3. Common App Transfer Application:  Colleges use the Common App.  Take it seriously and be mindful of deadlines and required supporting documents.  Colleges have different policies for transfer students.
  4. Transfer Essays:  College transfer applicants must write meaningful and convincing essays to transfer into their top-choice school.  The main essay: What are your reasons for transferring?  Watch out for the school-specific supplementals!
  5. Provide a current college transcript:  Grades matter!  What are your current academic courses?
  6. Standardized tests:  If you have taken standardized tests make sure that you report them on your Common App.
  7. Extracirricular activities:  In what school organizations are you involved?  Are you involved in activities outside of school?
  8. Disciplinary actions:  If for any reason, no matter how minor, you had a disciplinary action while in college, it’s best (and honest) to report it on your Common App.  under Family Educational Rights and privacy Act (FERPA), your current college can disclose your school records, without your consent to other schools to which you are transferring.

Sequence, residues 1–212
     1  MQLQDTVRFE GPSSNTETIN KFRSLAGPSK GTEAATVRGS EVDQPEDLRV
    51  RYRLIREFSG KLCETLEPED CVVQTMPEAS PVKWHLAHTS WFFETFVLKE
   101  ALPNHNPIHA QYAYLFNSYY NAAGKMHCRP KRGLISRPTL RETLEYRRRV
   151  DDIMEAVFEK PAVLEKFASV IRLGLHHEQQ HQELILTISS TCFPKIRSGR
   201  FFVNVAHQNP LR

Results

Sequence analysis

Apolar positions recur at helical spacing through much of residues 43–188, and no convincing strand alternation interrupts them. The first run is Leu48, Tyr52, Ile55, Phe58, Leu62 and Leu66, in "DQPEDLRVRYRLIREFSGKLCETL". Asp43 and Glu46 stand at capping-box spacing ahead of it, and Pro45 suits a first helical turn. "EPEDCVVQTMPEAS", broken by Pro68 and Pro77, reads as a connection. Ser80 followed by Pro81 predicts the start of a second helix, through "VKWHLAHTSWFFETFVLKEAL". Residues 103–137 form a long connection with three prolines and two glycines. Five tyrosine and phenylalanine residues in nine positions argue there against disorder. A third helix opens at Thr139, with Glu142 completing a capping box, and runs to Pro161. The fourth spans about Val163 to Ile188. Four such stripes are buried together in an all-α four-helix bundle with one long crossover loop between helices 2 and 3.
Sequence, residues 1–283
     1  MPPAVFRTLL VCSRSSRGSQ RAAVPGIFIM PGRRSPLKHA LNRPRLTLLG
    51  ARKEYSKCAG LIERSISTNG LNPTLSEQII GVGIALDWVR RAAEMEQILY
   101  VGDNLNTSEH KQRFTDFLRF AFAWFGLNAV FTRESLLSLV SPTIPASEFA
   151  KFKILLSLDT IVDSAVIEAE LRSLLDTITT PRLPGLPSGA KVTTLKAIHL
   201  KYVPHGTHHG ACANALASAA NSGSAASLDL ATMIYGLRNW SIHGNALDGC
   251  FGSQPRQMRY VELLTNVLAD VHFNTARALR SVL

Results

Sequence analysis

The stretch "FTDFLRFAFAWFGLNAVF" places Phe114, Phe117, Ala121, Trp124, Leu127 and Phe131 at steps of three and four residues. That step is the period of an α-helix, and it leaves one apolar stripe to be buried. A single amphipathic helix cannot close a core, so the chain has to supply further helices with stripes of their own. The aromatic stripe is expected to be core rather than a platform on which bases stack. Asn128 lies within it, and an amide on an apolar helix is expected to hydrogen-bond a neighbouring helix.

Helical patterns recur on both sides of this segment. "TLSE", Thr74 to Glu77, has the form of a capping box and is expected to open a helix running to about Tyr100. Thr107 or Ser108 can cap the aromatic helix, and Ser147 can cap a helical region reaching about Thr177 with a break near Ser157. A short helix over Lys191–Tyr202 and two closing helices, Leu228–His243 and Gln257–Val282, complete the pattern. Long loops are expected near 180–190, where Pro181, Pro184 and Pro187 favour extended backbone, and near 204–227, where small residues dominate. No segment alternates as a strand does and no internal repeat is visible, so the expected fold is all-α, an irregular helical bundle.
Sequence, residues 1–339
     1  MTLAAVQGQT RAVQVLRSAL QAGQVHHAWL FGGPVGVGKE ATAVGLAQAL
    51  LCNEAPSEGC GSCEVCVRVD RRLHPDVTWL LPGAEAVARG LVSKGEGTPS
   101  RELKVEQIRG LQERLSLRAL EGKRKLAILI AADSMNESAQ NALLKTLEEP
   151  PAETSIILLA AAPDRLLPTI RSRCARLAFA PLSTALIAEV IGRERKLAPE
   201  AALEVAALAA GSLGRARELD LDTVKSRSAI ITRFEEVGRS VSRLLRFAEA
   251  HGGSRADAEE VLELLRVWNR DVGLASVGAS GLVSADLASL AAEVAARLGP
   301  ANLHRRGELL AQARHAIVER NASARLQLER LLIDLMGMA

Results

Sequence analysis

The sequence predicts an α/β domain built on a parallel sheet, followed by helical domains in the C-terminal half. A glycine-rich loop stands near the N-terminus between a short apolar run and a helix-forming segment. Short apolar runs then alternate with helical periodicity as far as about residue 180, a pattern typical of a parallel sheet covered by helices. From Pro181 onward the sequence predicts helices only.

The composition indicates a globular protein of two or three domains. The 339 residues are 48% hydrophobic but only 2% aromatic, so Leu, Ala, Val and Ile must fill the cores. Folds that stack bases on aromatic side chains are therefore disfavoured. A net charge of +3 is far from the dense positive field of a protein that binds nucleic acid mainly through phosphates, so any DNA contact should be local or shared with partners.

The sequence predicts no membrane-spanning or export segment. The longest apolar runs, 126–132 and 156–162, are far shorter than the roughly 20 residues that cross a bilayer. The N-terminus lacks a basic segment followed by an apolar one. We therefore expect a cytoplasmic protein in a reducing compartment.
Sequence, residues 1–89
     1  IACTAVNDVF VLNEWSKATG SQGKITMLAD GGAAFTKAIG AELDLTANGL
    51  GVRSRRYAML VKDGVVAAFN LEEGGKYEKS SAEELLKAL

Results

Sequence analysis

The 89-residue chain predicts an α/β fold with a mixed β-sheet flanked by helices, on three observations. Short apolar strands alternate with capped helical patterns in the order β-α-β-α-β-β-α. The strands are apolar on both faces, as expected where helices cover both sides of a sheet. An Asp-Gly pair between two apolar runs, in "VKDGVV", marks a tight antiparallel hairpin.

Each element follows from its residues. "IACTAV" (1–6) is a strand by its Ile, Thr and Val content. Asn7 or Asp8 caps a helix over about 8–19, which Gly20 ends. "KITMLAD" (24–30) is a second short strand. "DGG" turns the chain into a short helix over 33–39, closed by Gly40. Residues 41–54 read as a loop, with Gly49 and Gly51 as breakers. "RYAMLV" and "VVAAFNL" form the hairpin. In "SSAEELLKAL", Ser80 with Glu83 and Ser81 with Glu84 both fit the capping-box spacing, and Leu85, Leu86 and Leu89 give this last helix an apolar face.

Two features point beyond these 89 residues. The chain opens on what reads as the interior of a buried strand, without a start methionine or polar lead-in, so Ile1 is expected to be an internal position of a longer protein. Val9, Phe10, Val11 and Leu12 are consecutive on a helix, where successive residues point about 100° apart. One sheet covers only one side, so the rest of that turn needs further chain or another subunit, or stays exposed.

9. Research and visit your target schools:  It’s important to research as many schools as possible, develop of a short list and visit schools on this list.
  10. Consider seeking professional, expert advice:  Why?  In my professional experience, I find that prospective transfer students need to develop individualized, effective transfer plans and implement them.  As a transfer student, you no longer have the assistance of your public high school guidance or private high school college counselor.  You will need an educational consultant who specializes in college transfer admissions.  You’re basically on your own in a process that is even more competitive than when you applied to college the first time!

Dr. Paul Reginald Lowe, founder and managing director of Pinnacle Educational Center Admissions Advisors Group, provides comprehensive counseling advice, exclusively for admissions to top private schools; Ivy League and highly-selective colleges/universities; BS/MD programs;  graduate and medical schools and top visual and performing arts programs.  He also specializes in helping students who have been wait-listed, deferred or rejected gain admission into their top-choice schools: College Application Rejected. and student who wish to transfer to another college:  College Transfer Admissions Advisors.